Pitaya Entertainment Bets Latinos Want Podcasts that Speak to their Community

Breanna De Vera

Breanna de Vera is dot.LA's editorial intern. She is currently a senior at the University of Southern California, studying journalism and English literature. She previously reported for the campus publications The Daily Trojan and Annenberg Media.

Pitaya Entertainment Bets Latinos Want Podcasts that Speak to their Community

Jordi Oliveres, who spent nearly a decade at Spanish-language media giant Univision, has been struck by how few podcasts speak to Latinos. This week, he — along with the former heads of Universal Music Group and Fonovisa Records — debuted their Latino podcasting company, hoping to tap a market that's largely been overlooked by some of the larger podcast studios.

"There isn't any content that speaks to [U.S. Latinos'] culture and interests," Oliveres said. "So we just thought there was a huge opportunity there to create content that genuinely speaks to the Latino community in podcasting."

L.A.-based Pitaya Entertainment launched with six new podcasts hosted by popular personalities including Puerto Rican actress Giselle Blondet and her daughter, Gabriella Pabón. For now, most of the podcasts are in Spanish, but the company will produce in both Spanish and English, as well as a mix of both.

Created by Oliveres, the former Universal Music Group President Zach Horowitz, former head of Fonovisa records Guillermo Santiso, Slate.com's podcast founder Andy Bowers and Campanario Entertainment Vice President of Spanish Development Diana Mejia-Jones, the company aims to produce shows about Latinos in the burgeoning new media form.

"[U.S. Latinos] are a community that's really engaged with media and entertainment, but they lag behind in podcast listening," Oliveres said. He added that Latinos overindex on all forms of media consumption, and podcasts will be no different.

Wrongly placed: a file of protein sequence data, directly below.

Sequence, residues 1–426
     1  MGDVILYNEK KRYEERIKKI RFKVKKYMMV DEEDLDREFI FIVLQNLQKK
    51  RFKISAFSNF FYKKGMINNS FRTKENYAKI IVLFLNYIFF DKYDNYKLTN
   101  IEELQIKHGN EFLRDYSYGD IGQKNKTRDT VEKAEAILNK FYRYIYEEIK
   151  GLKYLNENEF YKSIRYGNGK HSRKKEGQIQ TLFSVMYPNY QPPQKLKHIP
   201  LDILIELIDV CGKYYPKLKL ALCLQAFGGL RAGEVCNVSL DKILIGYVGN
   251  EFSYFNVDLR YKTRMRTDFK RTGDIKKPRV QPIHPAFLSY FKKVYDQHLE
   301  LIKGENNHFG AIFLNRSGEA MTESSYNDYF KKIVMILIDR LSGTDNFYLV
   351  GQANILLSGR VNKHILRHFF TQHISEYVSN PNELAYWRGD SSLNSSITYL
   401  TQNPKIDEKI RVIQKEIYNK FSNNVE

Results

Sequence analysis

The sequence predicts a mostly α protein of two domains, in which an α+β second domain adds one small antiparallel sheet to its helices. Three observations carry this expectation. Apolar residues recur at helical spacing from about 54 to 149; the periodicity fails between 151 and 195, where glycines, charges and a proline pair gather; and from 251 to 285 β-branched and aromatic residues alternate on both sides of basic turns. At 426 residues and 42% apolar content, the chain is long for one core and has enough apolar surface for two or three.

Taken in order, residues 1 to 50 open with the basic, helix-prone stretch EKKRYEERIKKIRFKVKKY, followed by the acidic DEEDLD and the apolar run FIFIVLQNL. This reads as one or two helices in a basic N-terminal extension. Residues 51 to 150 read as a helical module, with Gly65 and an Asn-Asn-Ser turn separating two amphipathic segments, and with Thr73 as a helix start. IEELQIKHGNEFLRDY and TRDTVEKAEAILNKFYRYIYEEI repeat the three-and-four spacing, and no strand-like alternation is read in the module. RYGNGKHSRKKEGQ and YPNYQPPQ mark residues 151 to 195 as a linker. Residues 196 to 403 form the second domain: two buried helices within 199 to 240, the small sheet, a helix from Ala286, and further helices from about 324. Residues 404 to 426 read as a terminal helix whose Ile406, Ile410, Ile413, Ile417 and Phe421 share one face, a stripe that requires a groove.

According to the first-ever Latino Podcast Listener Report from Edison Research in 2020, 45% of U.S. Latinos ages 18 and over have listened to a podcast at some point in their lives. The study also found that podcast listening for over half of adult U.S. Latinos has increased since the outbreak of COVID-19.

"Podcasting companies are definitely paying attention to trends observed in video content," said Alejandro Rojas, executive director of Parrot Analytics, a global content analytics company. "In video, we're seeing demand for Spanish language content growing rapidly and gaining share."

Pitaya's six initial series launched over the last two weeks, all hosted by well-known Latino personalities with a large and devoted fan base; together, they have a combined social media following of more than 27.5 million. Among them are Blondet and Pabón, who cohost "¡Ay, Mamá!," a podcast on motherhood, and actress Alejandra Espinoza her sister Damaris Jimenez, who cohost "Entre Hermanas," a podcast series on self-improvement and female empowerment.

"Sin Rodeo," a podcast run by Jomari Goyso, debuted at number one on the Apple Podcasts U.S. Entertainment News chart. "Ana Patricia Sin Filtro," hosted by Ana Patricia Gámez, debuted as the highest-ranked Spanish language podcast in the U.S. on Apple's top 200 podcasts chart.

Pitaya also released an English-language podcast named "Hyphenated," in which Latina comedians Joanna Hausmann and Jenny Lornzo discuss the connections of Latino and American culture.

"We thought it was important to find hosts who are already very well known and respected in the community, and that had things to say that were meaningful and interesting," said Oliveres. "We looked for figures that already have large followings on social media and that have a presence in Latino media in general. And then we work together with them to build a show that represents their interests and the things that their followers are interested in, so that it's just a very organic extension of who they are and what their followers care about and want to hear about."

Pitaya's podcasts are free and available on Apple Podcasts, Spotify, YouTube, Google Podcasts, Amazon Music, Pandora and Pitaya Entertainment's website, pitaya.fm. The company got its name because of pitaya fruits' origins in Latin America, their unique color and shape, and the ease of spelling and saying "pitaya" in both Spanish and English, said Oliveres.

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